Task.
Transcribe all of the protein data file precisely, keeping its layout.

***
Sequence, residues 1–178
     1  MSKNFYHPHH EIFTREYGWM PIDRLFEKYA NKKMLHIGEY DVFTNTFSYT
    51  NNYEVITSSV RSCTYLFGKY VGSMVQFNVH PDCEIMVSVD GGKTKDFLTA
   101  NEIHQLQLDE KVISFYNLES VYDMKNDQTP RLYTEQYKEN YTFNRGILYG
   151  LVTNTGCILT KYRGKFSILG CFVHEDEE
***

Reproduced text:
Sequence, residues 1–178
     1  MSKNFYHPHH EIFTREYGWM PIDRLFEKYA NKKMLHIGEY DVFTNTFSYT
    51  NNYEVITSSV RSCTYLFGKY VGSMVQFNVH PDCEIMVSVD GGKTKDFLTA
   101  NEIHQLQLDE KVISFYNLES VYDMKNDQTP RLYTEQYKEN YTFNRGILYG
   151  LVTNTGCILT KYRGKFSILG CFVHEDEE